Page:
Regional workers to get 8.1% pay increase over three years

collective bargaining ©CanStockPhoto robwilson39 950px

collective bargaining ©CanStockPhoto robwilson39

(25 April 2018) Early this morning trade unions representing public employees in the regions secured a new three-year agreement with an overall wage development of 8.1% - only slightly below their target of 8.17%. This is the first deal to be done in the public sector-wide negotiations that looked to be heading for a major conflict.

The result follows from several weeks of mediation which began when negotiations broke down. Public sector trade unions had been looking for a real wage increase over the next three years but the employers had failed to make an adequate offer. The dispute then escalated. The unions announced plans for targeted strike action involving 10%-15% of state and municipal workers but the employers responded with a threat of a massive lockout covering 90% of state workers and 50% of municipal workers.

The agreement covers around 40000 workers out of the 120000 in the regions. Negotiations covering other workers in the municipalities and state sector are continuing. The 8.1% breaks down into a general increase of 6.1% over three years plus an additional 0.71% coming from the rule that keeps public sector wages developing in line with the private sector. There will also be 0.35% for local negotiations and finally 0.34% for priority groups – low paid and occupations dominated by women.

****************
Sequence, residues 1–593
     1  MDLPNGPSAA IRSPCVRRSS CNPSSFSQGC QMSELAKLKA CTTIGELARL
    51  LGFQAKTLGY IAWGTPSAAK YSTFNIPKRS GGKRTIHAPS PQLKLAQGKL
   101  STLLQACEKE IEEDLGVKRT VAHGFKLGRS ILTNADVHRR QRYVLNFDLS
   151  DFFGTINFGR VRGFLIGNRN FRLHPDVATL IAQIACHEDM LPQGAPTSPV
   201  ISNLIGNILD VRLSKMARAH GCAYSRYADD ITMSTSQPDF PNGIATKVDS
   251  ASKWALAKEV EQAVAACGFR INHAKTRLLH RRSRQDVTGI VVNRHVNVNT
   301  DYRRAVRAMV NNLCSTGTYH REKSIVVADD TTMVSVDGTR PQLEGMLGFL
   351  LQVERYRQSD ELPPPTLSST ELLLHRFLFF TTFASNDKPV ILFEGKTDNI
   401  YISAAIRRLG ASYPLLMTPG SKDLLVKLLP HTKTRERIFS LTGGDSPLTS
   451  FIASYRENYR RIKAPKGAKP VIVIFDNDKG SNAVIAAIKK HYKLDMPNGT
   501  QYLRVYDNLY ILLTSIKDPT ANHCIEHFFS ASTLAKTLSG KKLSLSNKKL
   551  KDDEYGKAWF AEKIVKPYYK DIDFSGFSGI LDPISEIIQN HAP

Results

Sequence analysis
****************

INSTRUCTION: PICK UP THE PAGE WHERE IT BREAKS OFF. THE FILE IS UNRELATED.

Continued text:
The link with the private sector has been changed and the unions are pleased that it will now work to ensure an approximate parallel wage development rather than a strict regulation that in the led to 80 % increase in the public sector compered to the private sector

The agreement also confirms the right to paid lunch break and includes improvements in maternity leave, holiday entitlement and other benefits.

Twelve trade unions were involved in the negotiations including six EPSU affiliates: FOA, HK Kommunal, 3F - Fagligt Fælles Forbund, Socialpædagogerne, Dansk Metal and Dansk Socialrådgiverforening.

Denmark Denmark

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